Grown-ups will always be far out of lingo loop
I’m no longer chillaxin with the cat. In a transparent, teachable moment I learned not long ago that this term is a literary toxic asset, not too big to fail in these economic times, and more than shovel-ready for the lingo graveyard. I’ve unfriended it.
The Lake Superior State University language czars put every term and phrase above in their 2009 banned words list, except for “lingo graveyard,” which I made up.
I prefer sprinkling my bon mots with only the very freshest jargon. However I’ll always be behind the times, because I’m old – over 22 – and even my sleek and limber lexicon raft can’t navigate the rushing rapids of current argot.
I’d choose Jurassic (“swell!”) over pitiable hipster wannabe, but prefer to be contemporary without sounding forced, or poaching on youth territory, a now foreign country.
Language fascinates and entertains me, and I enjoy how words and their meanings evolve and change and become generational self-definition. Slang used to hang around longer compared to our cyber-times, something like the difference between a handwritten note and a tweet. Now slang appears, mutates, and disappears remarkably fast, before U R ready. This makes it hard to know where the Line of Ridiculousness is for self-respecting adults.
Curious, I consulted two younger West Side friends: Leanne Anderson, a Starbucks shift supervisor in Enumclaw who works with people ages 16-20, and Dana Smith, a Sehome High School English and journalism teacher in Bellingham, who discussed the topic with her 11th grade AP English class.
Leanne and Dana sent some current “young” terms: wicked, sick; texting acronyms such as OMG, NVM (nevermind); and the phrases “you are a rock star!” and “I know, right?” Also popular are “epic” and “fail,” as in “my balsa bridge for physics was an epic fail.” Some tough dinos – awesome, hella, lame, crap, weak, “heck, no” and “heck, yeah”– have survived the comets and stuck around, although kids think they invented them and claim them like mining rights.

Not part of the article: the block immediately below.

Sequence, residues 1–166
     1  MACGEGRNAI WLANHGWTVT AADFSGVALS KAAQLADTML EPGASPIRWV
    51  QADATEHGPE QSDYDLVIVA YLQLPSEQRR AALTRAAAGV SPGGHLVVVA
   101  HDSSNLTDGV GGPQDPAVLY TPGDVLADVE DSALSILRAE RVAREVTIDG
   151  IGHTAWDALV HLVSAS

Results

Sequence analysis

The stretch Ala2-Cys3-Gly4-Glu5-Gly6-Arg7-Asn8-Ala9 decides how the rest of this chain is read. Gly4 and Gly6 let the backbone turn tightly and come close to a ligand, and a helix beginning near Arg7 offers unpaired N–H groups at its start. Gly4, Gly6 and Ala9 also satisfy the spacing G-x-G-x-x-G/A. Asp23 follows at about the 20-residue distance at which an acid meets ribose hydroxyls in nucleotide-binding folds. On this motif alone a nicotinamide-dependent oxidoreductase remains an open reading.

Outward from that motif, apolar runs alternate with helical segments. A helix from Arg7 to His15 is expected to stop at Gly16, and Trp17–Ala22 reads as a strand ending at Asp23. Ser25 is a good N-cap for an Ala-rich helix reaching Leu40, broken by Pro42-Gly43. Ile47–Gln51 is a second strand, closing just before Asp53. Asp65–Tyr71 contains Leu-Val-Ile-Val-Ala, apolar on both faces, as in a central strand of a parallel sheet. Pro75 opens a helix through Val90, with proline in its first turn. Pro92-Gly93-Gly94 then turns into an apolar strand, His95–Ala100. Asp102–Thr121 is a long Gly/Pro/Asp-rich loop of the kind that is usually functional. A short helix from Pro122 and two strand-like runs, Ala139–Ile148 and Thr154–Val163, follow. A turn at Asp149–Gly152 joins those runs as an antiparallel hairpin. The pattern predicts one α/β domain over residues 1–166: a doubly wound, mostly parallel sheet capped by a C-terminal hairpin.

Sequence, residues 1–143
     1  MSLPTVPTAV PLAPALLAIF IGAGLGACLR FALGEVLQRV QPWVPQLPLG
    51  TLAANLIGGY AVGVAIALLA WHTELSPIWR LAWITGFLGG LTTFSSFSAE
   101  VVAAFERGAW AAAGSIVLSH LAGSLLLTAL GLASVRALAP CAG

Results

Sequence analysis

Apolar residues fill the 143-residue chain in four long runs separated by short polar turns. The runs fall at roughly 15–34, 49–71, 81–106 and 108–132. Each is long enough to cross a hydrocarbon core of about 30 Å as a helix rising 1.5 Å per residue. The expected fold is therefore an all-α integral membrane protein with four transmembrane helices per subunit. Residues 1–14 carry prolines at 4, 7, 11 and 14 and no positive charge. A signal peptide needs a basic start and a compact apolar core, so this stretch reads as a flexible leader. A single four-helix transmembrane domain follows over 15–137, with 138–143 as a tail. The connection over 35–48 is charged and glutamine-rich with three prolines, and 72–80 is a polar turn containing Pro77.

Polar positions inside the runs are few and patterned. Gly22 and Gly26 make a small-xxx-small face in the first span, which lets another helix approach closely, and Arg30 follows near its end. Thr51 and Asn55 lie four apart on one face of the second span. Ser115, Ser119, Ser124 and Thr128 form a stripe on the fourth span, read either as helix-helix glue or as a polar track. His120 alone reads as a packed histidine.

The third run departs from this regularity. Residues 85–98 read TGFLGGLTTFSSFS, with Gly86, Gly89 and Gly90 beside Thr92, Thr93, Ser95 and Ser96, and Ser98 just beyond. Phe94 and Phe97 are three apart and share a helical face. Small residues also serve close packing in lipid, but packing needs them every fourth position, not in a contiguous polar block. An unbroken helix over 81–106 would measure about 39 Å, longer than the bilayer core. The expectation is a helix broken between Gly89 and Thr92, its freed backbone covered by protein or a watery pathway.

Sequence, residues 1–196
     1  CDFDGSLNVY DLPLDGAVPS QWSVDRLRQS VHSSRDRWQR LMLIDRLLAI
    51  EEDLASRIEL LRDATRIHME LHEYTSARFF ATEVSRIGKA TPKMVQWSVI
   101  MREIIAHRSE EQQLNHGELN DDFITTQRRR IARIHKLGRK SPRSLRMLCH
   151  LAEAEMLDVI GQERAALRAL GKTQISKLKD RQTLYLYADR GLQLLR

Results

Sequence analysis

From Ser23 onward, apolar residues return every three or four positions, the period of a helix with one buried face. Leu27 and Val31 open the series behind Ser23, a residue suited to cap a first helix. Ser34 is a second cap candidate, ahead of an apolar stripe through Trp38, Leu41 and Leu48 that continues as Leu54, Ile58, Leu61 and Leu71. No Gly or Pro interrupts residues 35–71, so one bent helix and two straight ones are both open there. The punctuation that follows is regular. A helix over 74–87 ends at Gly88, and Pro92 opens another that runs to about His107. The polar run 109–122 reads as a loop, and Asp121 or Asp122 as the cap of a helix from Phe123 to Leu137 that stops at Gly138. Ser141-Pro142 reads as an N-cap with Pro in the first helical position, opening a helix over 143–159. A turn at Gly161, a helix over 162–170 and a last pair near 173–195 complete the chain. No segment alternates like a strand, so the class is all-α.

“Dynamite” and “groovy” are cringe worthy, said Leanne. Heck, yeah. Dana’s students cringe when adults use the terms sick (cool), bro, dude, rap (as in “rap session”), yo (“a serious no-no”), dawg, and fo sho. Oh, yeah, excruciating.
Dana added, “I overheard some of my seniors laughing about how their parents text them and use ‘U’ or ‘gr8.’ They thought it was quaint –‘You know, I guess people USED to text that way….’ They have keyboards on their phones now, so don’t need excessive abbreviations. One girl laughed about how her mom used to think ‘LOL’ meant Lots of Love, ending each text that way. The conversational tone was sort of ‘kids say the darndest things’ – rueful and amused.”
Surprisingly, “legit” and “lame” are now restricted solely to the youth ghetto, which cracked me up, as these terms have been part of my lexicon since I was a kid in the “groovy ’60s” (“groovy” always deserving ironic quote marks.) Besides, who appointed kids the word police?
Happily, “cool” is a rock star, timeless and universal, sort of a verbal Beatle that transcends generations and rifts in the space/time fabric. As Dana said, “ ‘Cool’ will always be cool. I sat through a presentation about a senior project where said project was described as cool about 38 times.”
Whew, … cool is safe. Cool!
I’ll toss “banned” words and über youth lingo, but keep old favorites. I refuse to have lifelong slang hijacked by the cool kids’ table. That’s lame. And what’s the use in being a hopelessly pathetic old person, if I can’t be, well, eccentric? Epically eccentric. Heck, yeah!
And that’s legit.
You can reach Deborah Chan at firstname.lastname@example.org.